Just hours after the horrific mass shooting in Sutherland Springs, in which Devin Patrick Kelley reportedly shot and killed 26 churchgoers, Google was surfacing misleading and false information about the tragedy to its users. The search giant’s “Popular on Twitter” feature was pulling in tweets falsely stating that Kelley was a “#MUSLIM Convert, a member of a “Pro Bernie Sanders Group,” and a “radical Alt-left, with potential ties to ANTIFA,” as noted by Justin Hendrix, the executive director of NYC Media Lab. Kelley was actually a Air Force vet who was court-martialed and discharged for “bad conduct” and reportedly doesn’t appear to be linked to any organized terrorist groups.
In a search for Kelley’s name, such content appears just below the “Top stories” module topping the search results, exposing such disinformation to potentially millions of people. By midnight EST on Sunday, the feature included more mainstream sources and accounts.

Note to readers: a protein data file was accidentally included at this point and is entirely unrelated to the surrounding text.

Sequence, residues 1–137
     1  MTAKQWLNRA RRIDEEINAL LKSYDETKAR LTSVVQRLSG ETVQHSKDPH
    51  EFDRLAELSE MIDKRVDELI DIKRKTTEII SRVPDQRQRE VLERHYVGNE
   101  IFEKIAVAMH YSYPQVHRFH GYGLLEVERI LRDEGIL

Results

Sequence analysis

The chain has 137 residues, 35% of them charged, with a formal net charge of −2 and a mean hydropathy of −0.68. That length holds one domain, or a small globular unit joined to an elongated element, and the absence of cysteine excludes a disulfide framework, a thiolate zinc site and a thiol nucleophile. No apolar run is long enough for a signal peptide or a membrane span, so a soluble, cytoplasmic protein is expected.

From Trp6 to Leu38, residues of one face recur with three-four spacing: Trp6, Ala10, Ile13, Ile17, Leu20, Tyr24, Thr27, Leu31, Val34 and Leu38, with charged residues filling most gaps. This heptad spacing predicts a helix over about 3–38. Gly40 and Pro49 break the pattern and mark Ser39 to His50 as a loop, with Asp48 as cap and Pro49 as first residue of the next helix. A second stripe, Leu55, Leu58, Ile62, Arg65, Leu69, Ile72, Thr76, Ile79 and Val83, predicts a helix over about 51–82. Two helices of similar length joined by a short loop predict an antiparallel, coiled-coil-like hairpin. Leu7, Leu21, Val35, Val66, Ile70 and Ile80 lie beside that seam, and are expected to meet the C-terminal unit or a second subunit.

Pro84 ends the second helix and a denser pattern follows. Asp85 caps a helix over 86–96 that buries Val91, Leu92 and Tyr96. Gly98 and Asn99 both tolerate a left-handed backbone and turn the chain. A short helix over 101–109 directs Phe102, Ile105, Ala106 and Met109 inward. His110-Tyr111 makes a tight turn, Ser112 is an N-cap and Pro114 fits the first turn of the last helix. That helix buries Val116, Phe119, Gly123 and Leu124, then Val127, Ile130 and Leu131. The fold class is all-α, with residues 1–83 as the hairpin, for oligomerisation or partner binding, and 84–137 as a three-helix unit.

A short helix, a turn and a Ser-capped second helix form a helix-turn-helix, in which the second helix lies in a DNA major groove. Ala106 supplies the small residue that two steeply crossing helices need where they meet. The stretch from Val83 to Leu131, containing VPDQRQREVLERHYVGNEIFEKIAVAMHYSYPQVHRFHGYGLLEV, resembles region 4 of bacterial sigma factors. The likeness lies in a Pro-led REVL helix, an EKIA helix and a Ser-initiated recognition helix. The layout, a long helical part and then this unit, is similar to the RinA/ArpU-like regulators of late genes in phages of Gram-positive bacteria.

The prominence of such fake news on the platform echoed the flood of false flag theories that proliferated on YouTube after last month’s mass shooting in Las Vegas.
Google’s ‘Popular On Twitter’ news feature is a misinformation gutter. Search for Devin Patrick Kelley just now surfaced these four items. pic.twitter.com/06rcPOgx5b
— Justin Hendrix (@justinhendrix) November 6, 2017
A spokesperson for Google later gave this statement to Gizmodo:
The search results appearing from Twitter, which surface based on our ranking algorithms, are changing second by second and represent a dynamic conversation that is going on in near real-time. For the queries in question, they are not the first results we show on the page. Instead, they appear after news sources, including our Top Stories carousel which we have been constantly updating. We’ll continue to look at ways to improve how we rank tweets that appear in search.